New Study Indicates Broadway Shows Employ Higher Percentage of Minority Actors Than Not-for-Profit Sector
By Andrew Gans
A new study released by the Asian American Performers Action Coalition finds that the not-for-profit sector lags behind the commercial Broadway sector in terms of hiring minority actors.
The study focused on the top 16 not-for-profit theatre companies in New York City.
In the 2011-12 season, African-American actors were cast in 16 percent of all roles, Hispanic American/Latino actors in 3 percent and Asian-American actors in 3 percent (others, including Arab American/Middle Eastern and Native American actors, comprised 1 percent). Caucasian actors filled 77 percent of all roles at these not-for-profit companies.
On Broadway minority actors filled 25 percent of all roles for the past two years, the highest percentage in the six years studied in the report. In fact, African-American representation hit a six-year high this past season at 19 percent. Asian Americans increased a percentage point over the previous year to 3 percent.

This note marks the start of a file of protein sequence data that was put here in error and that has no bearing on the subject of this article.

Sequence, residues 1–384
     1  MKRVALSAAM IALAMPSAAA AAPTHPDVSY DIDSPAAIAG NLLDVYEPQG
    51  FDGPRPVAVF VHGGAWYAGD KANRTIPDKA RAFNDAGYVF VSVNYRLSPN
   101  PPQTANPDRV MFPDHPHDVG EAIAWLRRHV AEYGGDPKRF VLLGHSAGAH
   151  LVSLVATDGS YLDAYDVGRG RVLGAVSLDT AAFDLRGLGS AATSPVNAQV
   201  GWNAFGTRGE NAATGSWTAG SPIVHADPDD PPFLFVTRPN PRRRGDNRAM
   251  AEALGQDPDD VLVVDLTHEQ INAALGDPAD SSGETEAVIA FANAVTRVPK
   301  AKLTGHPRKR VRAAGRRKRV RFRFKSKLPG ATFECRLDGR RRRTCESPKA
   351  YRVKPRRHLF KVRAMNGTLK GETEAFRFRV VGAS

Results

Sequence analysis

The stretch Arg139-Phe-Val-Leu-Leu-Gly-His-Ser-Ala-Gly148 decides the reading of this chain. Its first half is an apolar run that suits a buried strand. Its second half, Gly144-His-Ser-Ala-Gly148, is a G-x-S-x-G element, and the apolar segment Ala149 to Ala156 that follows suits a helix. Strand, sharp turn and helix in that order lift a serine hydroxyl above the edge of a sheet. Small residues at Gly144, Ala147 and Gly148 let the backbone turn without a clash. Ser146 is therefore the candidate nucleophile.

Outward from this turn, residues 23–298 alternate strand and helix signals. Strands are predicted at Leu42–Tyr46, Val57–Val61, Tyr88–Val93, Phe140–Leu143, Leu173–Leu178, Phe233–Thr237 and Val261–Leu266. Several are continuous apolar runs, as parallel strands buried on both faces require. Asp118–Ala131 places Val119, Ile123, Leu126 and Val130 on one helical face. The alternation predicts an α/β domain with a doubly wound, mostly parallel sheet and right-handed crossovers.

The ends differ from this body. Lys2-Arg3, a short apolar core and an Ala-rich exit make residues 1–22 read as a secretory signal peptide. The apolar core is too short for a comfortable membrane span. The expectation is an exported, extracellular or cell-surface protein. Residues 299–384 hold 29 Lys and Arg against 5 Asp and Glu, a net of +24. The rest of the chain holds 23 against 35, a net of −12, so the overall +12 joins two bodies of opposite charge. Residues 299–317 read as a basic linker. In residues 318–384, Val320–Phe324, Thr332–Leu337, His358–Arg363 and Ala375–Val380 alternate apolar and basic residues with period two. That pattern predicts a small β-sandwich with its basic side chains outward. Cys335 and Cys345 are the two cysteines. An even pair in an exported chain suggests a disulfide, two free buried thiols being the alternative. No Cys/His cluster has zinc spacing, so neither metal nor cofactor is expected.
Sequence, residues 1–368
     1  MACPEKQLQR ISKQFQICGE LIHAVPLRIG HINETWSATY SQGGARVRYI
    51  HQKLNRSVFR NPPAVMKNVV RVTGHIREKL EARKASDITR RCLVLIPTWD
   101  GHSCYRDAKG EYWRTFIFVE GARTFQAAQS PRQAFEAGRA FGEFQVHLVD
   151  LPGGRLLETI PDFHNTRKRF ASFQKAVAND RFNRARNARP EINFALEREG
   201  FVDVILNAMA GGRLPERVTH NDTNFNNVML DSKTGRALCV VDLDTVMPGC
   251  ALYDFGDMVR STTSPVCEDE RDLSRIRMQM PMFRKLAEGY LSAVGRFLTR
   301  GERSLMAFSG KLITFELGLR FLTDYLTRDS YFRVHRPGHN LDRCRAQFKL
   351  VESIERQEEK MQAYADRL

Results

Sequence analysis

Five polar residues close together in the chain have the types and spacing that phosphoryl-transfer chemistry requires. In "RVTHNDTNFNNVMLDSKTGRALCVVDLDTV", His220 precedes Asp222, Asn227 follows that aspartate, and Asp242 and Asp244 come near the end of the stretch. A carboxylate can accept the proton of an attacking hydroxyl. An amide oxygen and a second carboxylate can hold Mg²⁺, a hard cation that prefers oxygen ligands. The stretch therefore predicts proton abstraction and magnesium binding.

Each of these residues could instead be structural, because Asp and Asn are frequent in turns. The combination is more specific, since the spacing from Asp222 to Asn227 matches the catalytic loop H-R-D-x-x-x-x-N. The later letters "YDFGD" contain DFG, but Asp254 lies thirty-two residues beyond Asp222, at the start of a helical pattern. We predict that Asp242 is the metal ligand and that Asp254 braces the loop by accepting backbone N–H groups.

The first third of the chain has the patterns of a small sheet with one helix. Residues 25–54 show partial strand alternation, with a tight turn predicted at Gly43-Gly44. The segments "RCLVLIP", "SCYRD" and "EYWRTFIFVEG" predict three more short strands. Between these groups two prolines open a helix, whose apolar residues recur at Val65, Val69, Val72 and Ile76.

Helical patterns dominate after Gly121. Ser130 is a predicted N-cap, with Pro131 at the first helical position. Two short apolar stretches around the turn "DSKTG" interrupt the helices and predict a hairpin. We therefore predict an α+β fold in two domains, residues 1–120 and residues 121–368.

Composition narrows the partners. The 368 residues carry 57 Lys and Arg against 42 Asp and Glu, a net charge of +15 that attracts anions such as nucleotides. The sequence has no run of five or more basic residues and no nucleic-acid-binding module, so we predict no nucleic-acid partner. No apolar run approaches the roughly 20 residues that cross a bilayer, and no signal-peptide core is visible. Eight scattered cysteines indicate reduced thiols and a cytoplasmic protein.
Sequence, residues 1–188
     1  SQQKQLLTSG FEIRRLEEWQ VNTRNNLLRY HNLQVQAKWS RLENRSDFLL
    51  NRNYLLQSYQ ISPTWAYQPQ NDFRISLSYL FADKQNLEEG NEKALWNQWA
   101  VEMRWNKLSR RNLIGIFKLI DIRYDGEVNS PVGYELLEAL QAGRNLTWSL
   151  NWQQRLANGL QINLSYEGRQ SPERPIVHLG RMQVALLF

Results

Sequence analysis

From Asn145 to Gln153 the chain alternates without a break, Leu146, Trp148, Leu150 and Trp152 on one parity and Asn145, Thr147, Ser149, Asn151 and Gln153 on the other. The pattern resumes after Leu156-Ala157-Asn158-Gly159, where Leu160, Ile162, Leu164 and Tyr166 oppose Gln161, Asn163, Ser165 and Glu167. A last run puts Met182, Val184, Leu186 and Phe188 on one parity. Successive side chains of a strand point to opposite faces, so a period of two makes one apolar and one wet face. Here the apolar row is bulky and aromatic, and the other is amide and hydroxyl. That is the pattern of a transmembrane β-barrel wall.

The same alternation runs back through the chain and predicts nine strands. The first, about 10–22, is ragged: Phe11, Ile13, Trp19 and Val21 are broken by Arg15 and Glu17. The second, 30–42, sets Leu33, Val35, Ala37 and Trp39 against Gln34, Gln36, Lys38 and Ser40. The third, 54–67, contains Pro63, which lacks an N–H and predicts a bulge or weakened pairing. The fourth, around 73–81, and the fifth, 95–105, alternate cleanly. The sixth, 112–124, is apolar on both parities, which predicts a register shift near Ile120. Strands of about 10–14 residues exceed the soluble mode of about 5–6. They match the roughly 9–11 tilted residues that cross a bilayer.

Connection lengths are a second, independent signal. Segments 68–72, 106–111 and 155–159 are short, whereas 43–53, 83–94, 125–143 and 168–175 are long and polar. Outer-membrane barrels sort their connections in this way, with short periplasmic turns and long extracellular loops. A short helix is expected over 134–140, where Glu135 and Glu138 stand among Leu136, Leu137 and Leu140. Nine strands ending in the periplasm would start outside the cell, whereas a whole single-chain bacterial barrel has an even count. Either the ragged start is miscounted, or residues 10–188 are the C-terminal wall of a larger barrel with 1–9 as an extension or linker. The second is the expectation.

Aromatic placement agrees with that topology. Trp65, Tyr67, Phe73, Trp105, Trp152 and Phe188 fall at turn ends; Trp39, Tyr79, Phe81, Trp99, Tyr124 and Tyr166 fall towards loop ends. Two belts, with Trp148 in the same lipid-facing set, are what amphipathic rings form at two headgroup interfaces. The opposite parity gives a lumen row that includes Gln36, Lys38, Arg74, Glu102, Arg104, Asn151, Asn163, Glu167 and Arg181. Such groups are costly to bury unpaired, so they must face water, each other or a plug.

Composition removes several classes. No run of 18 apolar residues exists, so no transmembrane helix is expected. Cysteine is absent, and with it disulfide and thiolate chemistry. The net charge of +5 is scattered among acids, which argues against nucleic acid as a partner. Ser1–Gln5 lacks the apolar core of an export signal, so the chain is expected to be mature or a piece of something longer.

The non-profits, which had once consistently hired more actors of color than the commercial sector (reaching a high of 27 percent during the 2008-09 season), have fallen below the industry average of 20 percent for the second year in a row, landing at 19 percent this past year.
The following are this year's rankings for the most and least diverse among the 16 companies based on percentages of actors of color employed:
*[The York Theatre Company disputes its rating. Artistic director James Morgan said in a statement, "We are always delighted to find areas we can improve what we do, but we are actually extremely proud of our record in diverse casting over the years, and find this recent charge of 0% diverse casting not only unfounded but ludicrous." Among the diverse group of actors to have worked at the Off-Broadway company this past year are Krystal Joy Brown, Stephanie Umoh, Gilbert Bailey, John-Michael Lyles, Angela Grovey, Alton Fitzgerald White, Anastacia McClesky, Janet Dacal, Nicholas Rodriguez and Rafael Rodriguez. For its part, the AAPAC said its study only took into account full productions; readings, workshops and the York's Musical in Mufti series were not included.]
The report also tracked the number of minority actors cast in roles not racially-specific (non-traditional casting): Only 10 percent of all roles received by actors of color were not defined by the color of their skin. The theatre companies with the highest percentage of roles cast non-traditionally follow:
MOST INCLUSIVE CASTING
The full report is available for download by visiting aapacnyc.org.
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